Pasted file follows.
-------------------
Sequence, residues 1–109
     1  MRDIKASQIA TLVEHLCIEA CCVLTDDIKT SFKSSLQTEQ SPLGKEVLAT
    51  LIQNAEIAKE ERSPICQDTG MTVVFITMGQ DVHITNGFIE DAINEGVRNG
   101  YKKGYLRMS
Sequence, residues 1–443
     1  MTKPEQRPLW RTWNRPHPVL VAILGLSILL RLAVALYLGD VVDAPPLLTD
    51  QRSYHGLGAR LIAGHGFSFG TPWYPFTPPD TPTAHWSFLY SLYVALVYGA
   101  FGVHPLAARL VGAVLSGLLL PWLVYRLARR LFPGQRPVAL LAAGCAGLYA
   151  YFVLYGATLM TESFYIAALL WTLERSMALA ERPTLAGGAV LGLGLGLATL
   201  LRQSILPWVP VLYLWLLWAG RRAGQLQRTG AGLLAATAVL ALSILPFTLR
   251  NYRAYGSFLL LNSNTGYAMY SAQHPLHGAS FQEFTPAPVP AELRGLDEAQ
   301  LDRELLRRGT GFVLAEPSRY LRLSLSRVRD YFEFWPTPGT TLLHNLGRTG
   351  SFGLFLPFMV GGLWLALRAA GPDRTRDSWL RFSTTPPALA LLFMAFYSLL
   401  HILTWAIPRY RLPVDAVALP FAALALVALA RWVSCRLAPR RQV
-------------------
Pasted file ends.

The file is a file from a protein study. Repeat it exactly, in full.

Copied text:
Sequence, residues 1–109
     1  MRDIKASQIA TLVEHLCIEA CCVLTDDIKT SFKSSLQTEQ SPLGKEVLAT
    51  LIQNAEIAKE ERSPICQDTG MTVVFITMGQ DVHITNGFIE DAINEGVRNG
   101  YKKGYLRMS
Sequence, residues 1–443
     1  MTKPEQRPLW RTWNRPHPVL VAILGLSILL RLAVALYLGD VVDAPPLLTD
    51  QRSYHGLGAR LIAGHGFSFG TPWYPFTPPD TPTAHWSFLY SLYVALVYGA
   101  FGVHPLAARL VGAVLSGLLL PWLVYRLARR LFPGQRPVAL LAAGCAGLYA
   151  YFVLYGATLM TESFYIAALL WTLERSMALA ERPTLAGGAV LGLGLGLATL
   201  LRQSILPWVP VLYLWLLWAG RRAGQLQRTG AGLLAATAVL ALSILPFTLR
   251  NYRAYGSFLL LNSNTGYAMY SAQHPLHGAS FQEFTPAPVP AELRGLDEAQ
   301  LDRELLRRGT GFVLAEPSRY LRLSLSRVRD YFEFWPTPGT TLLHNLGRTG
   351  SFGLFLPFMV GGLWLALRAA GPDRTRDSWL RFSTTPPALA LLFMAFYSLL
   401  HILTWAIPRY RLPVDAVALP FAALALVALA RWVSCRLAPR RQV